Whether such a syndrome in fact exists is as disputable as any other psychiatric claim, but many would argue that it’s in the nature of motherhood to be hyper-alert to their child’s every movement. Many mothers continue to feel this way throughout their child’s teenage and even adult years. Many of us have had the experience of overbearing mothers, who still want to protect us by controlling our actions even as adults.
Feminists such as Shulamith Firestone wrote about this, and embraced artificial wombs more than 40 years ago. To her, external wombs were the solution for what she considered to be possessive mothering. “A mother who undergoes a nine-month pregnancy is likely to feel that the product of all that pain and discomfort ‘belongs’ to her (To think of what I went through to have you!).” Firestone believed that external wombs would help parents love their children for ‘their own sake’.
As many feminists have pointed out, there’s a lot of social pressure on the mother to be close to the child, and this is likely to impact a mother’s mental wellbeing. In the words of R. Kukla, “over-valuing proximity produces an unbalanced insistence that women stay near their children and induces guilt in them when they do not.” In this regard, external wombs might bring some beneficial distance.
I think the ability to have children with fewer sacrifices can only bring health and balance to the parent-child relationship. Coupled with the possibility to plan a child much later in life, ectogenesis could drastically lower feelings of frustration otherwise widely reported by new parents.
Artificial wombs and feminism
Firestone is a feminist who embraced artificial wombs well before goat fetuses or human embryo experiments. But ‘feminists’, on the whole, are far from being unanimously in favour of it. Andrea Dworkin, Robyn Rowland or Janice Raymond think ectogenesis will lead to the complete obliteration of women. The womb is women’s main “currency” for these theorists, and embracing this technology would mean giving away their unique privilege. Even in the most woman-hating cultures, the argument goes, women are at least spared in the promise that they will give birth to a son.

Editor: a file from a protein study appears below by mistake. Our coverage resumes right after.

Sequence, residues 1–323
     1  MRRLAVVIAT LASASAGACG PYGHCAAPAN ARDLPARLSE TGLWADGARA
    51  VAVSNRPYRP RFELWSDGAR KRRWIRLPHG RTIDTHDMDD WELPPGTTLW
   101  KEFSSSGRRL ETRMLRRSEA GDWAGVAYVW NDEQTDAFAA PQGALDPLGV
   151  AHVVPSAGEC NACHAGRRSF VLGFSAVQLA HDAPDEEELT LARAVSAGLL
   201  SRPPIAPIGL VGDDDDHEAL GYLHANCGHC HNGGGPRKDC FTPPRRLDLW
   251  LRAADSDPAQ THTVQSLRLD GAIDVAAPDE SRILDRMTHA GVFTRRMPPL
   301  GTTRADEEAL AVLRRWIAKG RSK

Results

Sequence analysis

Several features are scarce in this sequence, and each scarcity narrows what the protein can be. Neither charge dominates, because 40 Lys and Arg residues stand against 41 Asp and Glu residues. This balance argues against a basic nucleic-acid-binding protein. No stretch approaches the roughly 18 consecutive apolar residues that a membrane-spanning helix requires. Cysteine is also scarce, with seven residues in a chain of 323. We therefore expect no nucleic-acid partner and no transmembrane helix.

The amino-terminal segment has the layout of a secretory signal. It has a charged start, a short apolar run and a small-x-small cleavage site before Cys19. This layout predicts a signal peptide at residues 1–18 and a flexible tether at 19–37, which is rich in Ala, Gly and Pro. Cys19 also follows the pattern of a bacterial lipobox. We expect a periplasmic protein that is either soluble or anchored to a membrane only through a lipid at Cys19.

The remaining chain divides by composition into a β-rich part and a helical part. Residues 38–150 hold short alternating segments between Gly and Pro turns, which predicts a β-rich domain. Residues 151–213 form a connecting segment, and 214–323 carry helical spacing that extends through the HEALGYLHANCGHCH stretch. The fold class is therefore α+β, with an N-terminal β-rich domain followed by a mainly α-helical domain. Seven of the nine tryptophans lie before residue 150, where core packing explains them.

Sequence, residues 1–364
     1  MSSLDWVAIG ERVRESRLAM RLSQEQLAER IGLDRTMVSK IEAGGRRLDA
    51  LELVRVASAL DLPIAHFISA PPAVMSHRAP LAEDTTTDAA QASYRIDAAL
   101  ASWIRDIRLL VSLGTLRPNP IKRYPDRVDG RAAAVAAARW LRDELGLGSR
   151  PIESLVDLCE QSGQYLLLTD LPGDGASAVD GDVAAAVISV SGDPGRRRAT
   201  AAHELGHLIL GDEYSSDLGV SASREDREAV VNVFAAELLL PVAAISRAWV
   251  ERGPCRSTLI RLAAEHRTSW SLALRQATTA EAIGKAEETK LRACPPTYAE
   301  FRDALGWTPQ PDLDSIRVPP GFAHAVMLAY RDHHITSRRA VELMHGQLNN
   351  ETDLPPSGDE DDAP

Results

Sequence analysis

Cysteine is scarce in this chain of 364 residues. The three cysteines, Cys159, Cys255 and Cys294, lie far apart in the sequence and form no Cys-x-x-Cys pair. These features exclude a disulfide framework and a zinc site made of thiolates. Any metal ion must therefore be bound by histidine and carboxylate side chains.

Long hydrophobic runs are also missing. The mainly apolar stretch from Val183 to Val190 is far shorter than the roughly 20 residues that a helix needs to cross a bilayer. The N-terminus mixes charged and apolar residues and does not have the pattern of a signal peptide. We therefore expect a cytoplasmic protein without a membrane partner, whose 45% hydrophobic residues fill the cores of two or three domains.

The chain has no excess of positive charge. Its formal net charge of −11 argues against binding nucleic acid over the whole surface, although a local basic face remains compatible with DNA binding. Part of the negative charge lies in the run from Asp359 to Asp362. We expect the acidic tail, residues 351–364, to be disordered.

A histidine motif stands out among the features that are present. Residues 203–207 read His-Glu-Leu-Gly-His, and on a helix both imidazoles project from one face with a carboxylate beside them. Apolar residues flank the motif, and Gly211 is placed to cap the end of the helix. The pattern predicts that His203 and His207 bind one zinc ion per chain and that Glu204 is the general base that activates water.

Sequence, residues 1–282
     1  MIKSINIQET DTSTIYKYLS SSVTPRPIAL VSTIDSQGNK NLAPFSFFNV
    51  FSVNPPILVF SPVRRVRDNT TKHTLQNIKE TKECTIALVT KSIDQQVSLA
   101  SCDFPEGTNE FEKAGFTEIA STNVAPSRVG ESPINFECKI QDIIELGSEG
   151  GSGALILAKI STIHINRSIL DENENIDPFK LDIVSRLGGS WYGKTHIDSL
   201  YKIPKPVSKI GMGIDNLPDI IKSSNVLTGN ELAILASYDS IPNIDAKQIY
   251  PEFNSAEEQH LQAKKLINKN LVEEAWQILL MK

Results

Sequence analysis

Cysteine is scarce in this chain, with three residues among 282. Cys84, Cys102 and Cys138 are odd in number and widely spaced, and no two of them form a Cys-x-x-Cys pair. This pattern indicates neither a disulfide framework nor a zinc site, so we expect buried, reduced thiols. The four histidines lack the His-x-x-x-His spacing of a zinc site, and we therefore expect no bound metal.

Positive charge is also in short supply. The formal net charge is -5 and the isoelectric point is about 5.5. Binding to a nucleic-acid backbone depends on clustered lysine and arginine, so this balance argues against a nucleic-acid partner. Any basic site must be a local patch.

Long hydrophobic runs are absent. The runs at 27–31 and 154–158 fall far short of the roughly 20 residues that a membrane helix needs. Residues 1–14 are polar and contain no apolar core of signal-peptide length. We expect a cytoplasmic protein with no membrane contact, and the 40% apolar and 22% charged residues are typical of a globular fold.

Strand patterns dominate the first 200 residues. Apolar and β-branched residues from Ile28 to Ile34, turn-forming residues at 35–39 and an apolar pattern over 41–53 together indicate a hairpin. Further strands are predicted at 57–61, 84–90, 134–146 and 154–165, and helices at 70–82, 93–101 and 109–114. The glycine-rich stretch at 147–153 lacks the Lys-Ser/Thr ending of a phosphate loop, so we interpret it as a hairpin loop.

By reasoning this way however, the only thing we’re achieving is to adopt the oppressor’s way of thinking. I suggest that this logic perpetuates the very women-hating culture it vows to eradicate.
We could replace ‘the privilege of pregnancy’ with the ‘privilege’ of being seen as a sex object. If oppressive tyrants wouldn’t kill women simply for the fact that they enjoy their sexual favours, certainly we wouldn’t deduce that being treated as a sex object is okay.
Gestation should not be women’s ultimate privilege, it should not be the sole thing that makes them valuable – in fact, it should not make them valuable at all. Gestation is nothing more than a biological function, it doesn’t make us better or worse people. Pregnancy just happens, a lot of the times against our will, and although we can aid it in various ways, it’s rarely a chance for the mothers to showcase their unique abilities, talents or skills. Unlike parenting, pregnancy, in itself, cannot be an art.
Despite its numerous dissenting nuances, feminism, at its core, has been fighting for women to be recognised as human beings, to give them back autonomy, dignity, and the fundamental human right to pursue their happiness without impediments. However, many mothers still don’t find it easy to build a self-sufficient identity separate from their infant. ‘Social pressures on pregnant women and new mothers undermine their sense of agency altogether, preventing them from having any interests of their own.’